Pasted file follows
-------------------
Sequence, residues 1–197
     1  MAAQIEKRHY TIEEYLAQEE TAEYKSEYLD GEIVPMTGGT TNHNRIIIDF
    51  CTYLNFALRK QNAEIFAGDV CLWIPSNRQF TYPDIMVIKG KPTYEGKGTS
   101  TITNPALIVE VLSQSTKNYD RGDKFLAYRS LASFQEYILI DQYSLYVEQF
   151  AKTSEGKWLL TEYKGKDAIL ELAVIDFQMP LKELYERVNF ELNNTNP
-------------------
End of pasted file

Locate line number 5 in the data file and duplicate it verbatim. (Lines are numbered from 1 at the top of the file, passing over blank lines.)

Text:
   151  AKTSEGKWLL TEYKGKDAIL ELAVIDFQMP LKELYERVNF ELNNTNP